The Studio about George and Peto, very much admired this cottage:Before 1896. Designed by Harold Ainsworth Peto (1854-1933) and Sir Ernest George (1839-1922). "G.," the author of the multipart article in
The delightful little Cottage at Harpenden is merely small in size; it is not small in idea nor in treatment. Nor is it one you could call "quaint" with any show of fitness. The simplicity of its main features, even when reduced to "black and white," and the absence of an inch of ornament, bespeaks the artist. Here are no ridge-tiles, barge-boards, or other architectural trimmings. Solidity and dignity are gained with very simple use of material. It is monumental, because its practical features, evident at a glance, appear sturdy enough to withstand the wear and tear of centuries; but although built after the manner of Elizabethan houses, it does not look a sham antique. The delightful verandah, an integral part of the construction, be it noted, and no afterthought, the simple device which connects a small lean-to of the study with the chimney-shafts, the overhanging bay of the centre gable, which forms in effect a porch — all these features are obviously structural rather than merely picturesque adornments. Only the dovecot is an applied feature, all the others are as essentially part of the house as its foundation or its chimneys.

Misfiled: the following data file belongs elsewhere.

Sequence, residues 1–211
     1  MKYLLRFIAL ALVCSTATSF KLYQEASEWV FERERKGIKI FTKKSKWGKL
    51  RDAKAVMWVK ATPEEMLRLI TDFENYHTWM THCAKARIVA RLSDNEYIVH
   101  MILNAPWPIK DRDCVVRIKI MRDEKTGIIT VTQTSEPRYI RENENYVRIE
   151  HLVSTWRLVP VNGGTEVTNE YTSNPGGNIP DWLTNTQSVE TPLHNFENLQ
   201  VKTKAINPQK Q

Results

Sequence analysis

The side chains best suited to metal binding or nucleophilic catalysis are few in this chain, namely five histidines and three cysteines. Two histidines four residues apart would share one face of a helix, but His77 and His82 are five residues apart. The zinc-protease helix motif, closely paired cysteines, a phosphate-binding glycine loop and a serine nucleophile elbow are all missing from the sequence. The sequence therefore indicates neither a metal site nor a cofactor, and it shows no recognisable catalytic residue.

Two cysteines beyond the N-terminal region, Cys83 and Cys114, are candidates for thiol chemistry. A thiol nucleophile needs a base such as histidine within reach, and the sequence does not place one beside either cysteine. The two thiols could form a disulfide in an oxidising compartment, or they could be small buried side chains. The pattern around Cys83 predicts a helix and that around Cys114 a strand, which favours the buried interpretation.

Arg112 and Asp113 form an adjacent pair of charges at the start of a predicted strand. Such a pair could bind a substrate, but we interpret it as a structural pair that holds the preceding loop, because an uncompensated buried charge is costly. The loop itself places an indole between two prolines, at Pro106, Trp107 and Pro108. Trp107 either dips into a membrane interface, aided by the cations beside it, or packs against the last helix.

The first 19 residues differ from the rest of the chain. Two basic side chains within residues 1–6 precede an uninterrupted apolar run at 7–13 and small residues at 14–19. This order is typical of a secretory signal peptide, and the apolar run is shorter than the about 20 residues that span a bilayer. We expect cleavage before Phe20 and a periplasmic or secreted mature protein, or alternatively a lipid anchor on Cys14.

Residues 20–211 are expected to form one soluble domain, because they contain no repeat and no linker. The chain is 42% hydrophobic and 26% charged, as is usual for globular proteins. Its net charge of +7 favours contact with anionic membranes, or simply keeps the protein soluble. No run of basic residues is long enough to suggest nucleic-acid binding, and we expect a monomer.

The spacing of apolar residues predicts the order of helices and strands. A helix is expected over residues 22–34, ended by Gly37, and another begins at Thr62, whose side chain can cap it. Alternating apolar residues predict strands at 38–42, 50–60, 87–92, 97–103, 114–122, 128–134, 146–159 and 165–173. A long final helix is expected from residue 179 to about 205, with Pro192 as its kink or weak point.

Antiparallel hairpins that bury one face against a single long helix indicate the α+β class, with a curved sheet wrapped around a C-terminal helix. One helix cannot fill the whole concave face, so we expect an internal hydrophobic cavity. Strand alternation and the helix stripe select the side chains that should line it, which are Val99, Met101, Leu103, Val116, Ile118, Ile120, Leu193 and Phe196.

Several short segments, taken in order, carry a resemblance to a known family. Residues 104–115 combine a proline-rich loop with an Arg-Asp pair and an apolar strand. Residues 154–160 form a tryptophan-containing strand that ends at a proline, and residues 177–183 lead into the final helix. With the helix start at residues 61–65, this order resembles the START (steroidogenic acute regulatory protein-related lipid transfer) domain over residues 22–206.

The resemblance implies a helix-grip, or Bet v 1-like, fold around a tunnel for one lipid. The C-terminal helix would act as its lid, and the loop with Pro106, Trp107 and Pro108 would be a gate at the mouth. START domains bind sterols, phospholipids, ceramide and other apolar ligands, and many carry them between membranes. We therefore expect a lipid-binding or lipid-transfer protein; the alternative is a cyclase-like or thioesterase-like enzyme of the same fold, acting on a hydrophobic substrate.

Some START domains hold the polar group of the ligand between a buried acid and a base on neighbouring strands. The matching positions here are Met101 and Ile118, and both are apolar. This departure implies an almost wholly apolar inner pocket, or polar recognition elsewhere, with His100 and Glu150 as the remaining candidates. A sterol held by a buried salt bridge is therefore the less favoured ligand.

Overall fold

Formatting and text by George P. Landow. You may use this image without prior permission for any scholarly or educational purpose as long as you (1) credit the Internet Archive and (2) link your document to this URL in a web document or cite the Victorian Web in a print one.]
“The Revival of English Domestic Architecture. IV. The Work of Mr. Ernest George.” The Studio 8 (1896): 30. Internet Archive. Web. 3 April 2012
Last modified 3 April 2012